Agents of Change is a series of mixed media and oil paintings on linen. The work prompts questions about Hawaiian species extinction, globalization and our human role in these processes. Living and non-living catalysts—earth movers and harvesters, fishing nets, invasive species, jet planes and the Kahului airport—are the subjects of cause and effect. Hunters collected bones of invasive mammals on Maui, Lana‘i and Moloka‘i in the untitled installation. Axis deer, mouflon sheep, cows, pigs and goats are a devastating force in Hawaiian native ecosystems.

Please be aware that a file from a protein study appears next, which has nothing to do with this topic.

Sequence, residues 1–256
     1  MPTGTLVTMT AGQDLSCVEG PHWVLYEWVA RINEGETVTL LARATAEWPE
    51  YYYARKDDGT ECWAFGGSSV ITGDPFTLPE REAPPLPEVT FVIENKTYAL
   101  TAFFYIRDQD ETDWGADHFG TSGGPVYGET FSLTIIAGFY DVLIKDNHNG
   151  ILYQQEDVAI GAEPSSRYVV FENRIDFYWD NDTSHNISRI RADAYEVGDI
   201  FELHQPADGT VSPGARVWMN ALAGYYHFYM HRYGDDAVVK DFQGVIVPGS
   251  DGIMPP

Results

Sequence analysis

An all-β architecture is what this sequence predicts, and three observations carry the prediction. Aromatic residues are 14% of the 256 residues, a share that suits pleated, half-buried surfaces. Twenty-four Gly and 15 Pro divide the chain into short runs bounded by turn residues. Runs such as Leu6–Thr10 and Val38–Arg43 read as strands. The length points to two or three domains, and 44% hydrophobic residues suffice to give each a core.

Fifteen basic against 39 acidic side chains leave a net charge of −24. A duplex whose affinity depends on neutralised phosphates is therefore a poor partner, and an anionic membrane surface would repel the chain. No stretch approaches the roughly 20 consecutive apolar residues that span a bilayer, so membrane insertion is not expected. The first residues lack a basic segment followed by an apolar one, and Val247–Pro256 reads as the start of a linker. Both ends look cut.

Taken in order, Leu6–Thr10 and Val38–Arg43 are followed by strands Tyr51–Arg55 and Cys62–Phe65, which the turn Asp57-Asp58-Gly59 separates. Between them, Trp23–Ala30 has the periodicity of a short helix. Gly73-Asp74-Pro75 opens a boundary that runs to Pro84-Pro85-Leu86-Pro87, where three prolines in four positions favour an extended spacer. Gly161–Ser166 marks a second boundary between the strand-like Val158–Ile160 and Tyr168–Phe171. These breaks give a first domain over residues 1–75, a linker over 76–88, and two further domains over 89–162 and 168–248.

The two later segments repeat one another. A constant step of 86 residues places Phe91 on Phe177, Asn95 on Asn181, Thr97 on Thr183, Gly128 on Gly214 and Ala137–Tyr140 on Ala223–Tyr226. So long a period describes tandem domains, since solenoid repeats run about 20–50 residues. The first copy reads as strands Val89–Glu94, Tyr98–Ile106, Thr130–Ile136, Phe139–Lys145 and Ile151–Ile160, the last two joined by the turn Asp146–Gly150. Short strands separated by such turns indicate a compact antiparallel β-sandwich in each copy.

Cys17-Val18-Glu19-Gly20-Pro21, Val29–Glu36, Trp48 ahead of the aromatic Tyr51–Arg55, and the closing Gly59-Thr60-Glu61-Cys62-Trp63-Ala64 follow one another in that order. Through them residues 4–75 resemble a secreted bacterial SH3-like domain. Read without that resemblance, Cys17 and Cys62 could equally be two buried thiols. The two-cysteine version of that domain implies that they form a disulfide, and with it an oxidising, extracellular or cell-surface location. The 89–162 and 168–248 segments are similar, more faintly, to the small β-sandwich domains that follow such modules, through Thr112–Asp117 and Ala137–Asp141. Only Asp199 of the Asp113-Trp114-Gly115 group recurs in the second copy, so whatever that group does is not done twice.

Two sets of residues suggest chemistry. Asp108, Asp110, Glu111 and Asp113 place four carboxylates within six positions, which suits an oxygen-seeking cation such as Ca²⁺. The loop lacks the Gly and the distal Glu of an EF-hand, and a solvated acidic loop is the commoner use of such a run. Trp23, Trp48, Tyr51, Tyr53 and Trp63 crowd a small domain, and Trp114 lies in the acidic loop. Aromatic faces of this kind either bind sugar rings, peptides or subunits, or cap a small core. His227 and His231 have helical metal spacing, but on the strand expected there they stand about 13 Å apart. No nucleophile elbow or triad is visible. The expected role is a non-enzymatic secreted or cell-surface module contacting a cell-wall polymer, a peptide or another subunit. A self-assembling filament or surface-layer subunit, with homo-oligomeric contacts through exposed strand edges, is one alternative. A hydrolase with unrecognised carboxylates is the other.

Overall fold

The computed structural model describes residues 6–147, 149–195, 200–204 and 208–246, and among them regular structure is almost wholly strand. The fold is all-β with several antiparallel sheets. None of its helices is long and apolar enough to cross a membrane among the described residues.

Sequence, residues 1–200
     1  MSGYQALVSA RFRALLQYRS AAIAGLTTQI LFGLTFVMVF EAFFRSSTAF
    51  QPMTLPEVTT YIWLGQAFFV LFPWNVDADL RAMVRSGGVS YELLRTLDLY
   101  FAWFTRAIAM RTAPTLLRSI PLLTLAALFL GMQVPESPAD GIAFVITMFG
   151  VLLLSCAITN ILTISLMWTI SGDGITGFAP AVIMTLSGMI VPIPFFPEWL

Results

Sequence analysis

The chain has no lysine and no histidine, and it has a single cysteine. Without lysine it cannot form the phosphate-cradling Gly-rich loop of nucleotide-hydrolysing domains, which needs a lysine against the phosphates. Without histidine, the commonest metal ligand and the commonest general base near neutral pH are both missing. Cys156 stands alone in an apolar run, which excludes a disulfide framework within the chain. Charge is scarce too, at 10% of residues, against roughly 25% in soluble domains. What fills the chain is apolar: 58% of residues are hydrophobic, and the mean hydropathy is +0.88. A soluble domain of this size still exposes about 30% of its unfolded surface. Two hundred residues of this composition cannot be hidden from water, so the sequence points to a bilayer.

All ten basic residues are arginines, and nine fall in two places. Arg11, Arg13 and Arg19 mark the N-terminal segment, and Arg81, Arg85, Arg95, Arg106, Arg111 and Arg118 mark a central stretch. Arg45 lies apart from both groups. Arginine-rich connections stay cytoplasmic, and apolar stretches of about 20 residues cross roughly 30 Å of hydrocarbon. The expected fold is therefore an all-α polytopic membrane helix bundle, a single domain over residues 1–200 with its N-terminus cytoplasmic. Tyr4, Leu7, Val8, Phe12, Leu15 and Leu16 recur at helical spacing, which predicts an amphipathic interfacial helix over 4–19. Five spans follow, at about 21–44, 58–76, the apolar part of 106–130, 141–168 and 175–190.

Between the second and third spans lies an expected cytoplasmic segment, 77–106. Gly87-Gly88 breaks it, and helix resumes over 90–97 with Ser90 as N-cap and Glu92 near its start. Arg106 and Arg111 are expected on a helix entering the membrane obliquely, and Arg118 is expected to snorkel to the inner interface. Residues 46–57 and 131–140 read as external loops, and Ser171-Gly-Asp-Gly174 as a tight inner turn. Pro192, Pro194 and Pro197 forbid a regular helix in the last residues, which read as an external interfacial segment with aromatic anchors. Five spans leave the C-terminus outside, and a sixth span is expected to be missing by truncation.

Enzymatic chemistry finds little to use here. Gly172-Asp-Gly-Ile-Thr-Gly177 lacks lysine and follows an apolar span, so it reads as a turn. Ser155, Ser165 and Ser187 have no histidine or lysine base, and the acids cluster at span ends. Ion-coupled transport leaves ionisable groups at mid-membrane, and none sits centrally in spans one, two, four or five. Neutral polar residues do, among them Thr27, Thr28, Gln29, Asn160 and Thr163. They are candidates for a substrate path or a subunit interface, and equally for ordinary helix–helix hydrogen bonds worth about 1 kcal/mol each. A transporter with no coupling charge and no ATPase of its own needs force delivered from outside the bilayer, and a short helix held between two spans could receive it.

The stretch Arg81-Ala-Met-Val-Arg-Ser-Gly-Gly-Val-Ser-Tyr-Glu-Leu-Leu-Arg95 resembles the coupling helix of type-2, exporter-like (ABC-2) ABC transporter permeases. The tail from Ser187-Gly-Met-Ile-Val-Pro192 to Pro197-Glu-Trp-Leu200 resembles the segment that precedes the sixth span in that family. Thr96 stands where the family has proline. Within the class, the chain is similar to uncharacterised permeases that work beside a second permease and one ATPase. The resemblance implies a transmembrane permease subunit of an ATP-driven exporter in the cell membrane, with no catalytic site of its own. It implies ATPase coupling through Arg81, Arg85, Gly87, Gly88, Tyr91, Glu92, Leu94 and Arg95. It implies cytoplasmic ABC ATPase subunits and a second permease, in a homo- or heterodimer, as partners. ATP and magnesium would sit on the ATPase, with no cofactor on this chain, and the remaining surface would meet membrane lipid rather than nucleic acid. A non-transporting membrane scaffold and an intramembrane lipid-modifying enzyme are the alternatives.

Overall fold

Can we ever conceive the swift changes which sometimes hinge on seemingly innocuous and discrete events? An 18th century sailing ship brings the first stowaway of a prolific predator, the European rat. A commercial sugar field is harvested for the first time on Lana‘i in 1802. An Asian axis deer is gifted to Kamehameha V in 1868. We set into motion profound, cascading transformations with little understanding of their consequences.






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